KIDS ARE ALWAYS LEARNING – YOU ARE ALWAYS TEACHING

A few days ago I was standing in line behind a father and his two kids at fast food restaurant called Moe’s. Moe’s is kind of like a Chipotle, serving a Tex-Mex style cuisine with a Subway-style serving line. The father lets his two kids place their orders before them even though they are barely tall enough to look over the counter.

Behind the counter is an 18 to 20-year-old male, with gold teeth, designer glasses, and long gold chain, who was not enthusiastic about serving customers burritos and tacos. He didn’t act angry, arrogant, or like he had a chip on his shoulder, he just didn’t smile, greet people, speak loudly, or look even in the direction of his customer’s faces. One might expect that in mind, based on how he dressed and carried himself, that he was just going to serve tacos until his mixtape dropped and he found himself on the cover of Hip-Hop magazine. All joking aside, I give the guy a little bit of respect for lowering himself to serve Tex-Mex food and earn a modest living, though he didn’t fit the perfect picture of customer service.

So this little kid, probably about 8 or 9 years old, asks the guy for a burrito, with chicken, and NO beans. I’m standing about two people back, farther away than the server. I distinctly heard the kid say NO beans. Sure enough, the guy plops a spoon full of beans on the kid’s burrito. The kid immediately looks to his father and says “Dad, he put beans on it, I said no beans.” The father looks and the guy and back at the kid and never says a word to the server. The child let out a small whimper, and the dad turns to his child and tells him to be quiet.

Now, if you just read that correctly, and not a little irritated at that dad, you should be. Trust me; I am all for teaching children to choose their battles, but I am more of a proponent of teaching your kids to stand up for yourselves and when you know what you want, to go out and get it. What does is teach a child when fathers don’t stand up for them? It illustrates to the child they aren’t important enough to be stood up for. All this father had to do is say “Excuse me, my son didn’t want beans, do you mind starting over?” And I guarantee that guy would have tossed the burrito and started over after all his job is to please the customer. And you can’t make an excuse don’t irritate a food service person, or they will spit in your food, they are fixing it while you watch!

Without picking on this guy too much, I have to wonder if he won’t fight this small battle for his kids, what other more meaningful conflicts will he act like a giant chicken?

Kids are constantly watching parents and trying to learn from them. The other day, I finally got around to hanging some new pictures around the house. After hanging a few pictures in the living room, my two-year-old son started following me around with his toy hammer and banging on the walls next to me. Of course, we view this attitude as cute but here is the truth: I didn’t say to Bryce: “Son, let me show you how to do this, and you can help me, here are the tools, and here is the goal…” No. Simply by doing something around my son, he tries to mimic me on his own. Now, this is an example of a physical activity, but you better believe even though that child was upset by having beans on his burrito he learned the following lessons from his father in a matter of seconds:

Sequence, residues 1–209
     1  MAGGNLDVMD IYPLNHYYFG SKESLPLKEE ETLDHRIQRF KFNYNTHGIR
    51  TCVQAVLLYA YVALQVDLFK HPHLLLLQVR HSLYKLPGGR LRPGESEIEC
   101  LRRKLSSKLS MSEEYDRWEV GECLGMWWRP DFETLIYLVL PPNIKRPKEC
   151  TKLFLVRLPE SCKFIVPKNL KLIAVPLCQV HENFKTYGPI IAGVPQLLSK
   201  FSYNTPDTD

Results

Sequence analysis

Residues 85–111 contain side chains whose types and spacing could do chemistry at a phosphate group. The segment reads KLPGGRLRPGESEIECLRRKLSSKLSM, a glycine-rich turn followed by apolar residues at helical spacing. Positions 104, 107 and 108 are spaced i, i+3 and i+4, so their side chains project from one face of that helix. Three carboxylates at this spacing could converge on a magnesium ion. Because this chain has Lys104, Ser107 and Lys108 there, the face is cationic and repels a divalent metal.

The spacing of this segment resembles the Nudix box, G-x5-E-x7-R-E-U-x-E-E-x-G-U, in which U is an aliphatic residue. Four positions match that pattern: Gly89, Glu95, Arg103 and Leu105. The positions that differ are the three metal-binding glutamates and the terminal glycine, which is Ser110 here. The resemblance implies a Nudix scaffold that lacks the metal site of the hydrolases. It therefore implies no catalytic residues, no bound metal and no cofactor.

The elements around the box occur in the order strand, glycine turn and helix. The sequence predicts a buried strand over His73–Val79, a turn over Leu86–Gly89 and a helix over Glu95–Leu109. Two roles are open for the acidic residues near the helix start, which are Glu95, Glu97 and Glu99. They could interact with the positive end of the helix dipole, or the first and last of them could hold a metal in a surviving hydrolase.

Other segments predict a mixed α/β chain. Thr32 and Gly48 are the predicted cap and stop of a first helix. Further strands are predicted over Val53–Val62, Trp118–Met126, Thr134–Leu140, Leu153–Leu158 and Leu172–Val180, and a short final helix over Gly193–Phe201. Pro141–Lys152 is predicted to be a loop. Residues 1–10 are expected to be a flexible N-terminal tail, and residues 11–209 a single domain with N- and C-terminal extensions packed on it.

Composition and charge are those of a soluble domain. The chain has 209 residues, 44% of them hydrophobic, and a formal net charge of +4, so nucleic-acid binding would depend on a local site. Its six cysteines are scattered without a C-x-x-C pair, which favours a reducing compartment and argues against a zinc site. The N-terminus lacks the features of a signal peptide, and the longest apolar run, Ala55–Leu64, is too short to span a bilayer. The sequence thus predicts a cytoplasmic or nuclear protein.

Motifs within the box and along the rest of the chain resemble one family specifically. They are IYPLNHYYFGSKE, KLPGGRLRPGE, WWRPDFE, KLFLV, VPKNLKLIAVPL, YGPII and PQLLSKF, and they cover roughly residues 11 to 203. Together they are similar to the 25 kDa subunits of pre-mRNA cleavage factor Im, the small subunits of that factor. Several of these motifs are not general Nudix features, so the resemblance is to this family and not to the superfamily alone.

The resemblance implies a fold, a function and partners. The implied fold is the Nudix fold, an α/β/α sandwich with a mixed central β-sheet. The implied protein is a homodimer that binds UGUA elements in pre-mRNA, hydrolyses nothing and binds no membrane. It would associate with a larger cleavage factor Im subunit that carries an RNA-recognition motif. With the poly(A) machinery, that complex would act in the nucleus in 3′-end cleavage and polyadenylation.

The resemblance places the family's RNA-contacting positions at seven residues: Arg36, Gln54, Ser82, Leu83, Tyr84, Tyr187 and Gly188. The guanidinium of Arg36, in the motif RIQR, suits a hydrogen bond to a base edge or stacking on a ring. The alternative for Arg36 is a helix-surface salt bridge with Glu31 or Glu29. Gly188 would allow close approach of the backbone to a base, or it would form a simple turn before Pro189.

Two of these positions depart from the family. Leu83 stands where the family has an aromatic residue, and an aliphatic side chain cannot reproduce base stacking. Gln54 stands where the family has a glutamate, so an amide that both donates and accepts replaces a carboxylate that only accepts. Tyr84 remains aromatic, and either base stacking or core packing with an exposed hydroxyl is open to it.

1. I’m not important enough for my father to fight for me.
  2. What I want is not important.
  3. When someone does substandard work, we should smile and nod, not critique, or correct.
  4. No one cares what I like or what I care about.
  5. When I ask for something as a customer, what they give me is not important, I should just take it.
  6. Suffering is a part of life, and we should just be quiet and suffer.
  7. My father would rather hurt my feelings than confront another adult.
  8. My father doesn’t listen to my wants or needs.
  9. My father won’t stand up for me.
  10. My father doesn’t love me enough to make sure that I have a quality experience.
  11. My father is a chicken.

Conservative theologian, Douglas Wilson said, “If boys don’t learn, men won’t know.” If a boy learns the above 11 lessons from his father, what will he take into manhood? These 11 lessons were taught in probably 11 seconds. It’s important to recognize that it’s the little things we don’t or don’t do as fathers every day that make a difference in child’s entire life. We have to be a bit more careful as fathers, be the dads we always wanted or needed, and to be strong and ACT LIKE MEN!

Parents, do not anger your children but rear them in the discipline and in the teaching of Our Lord. – Ephesians 6:4

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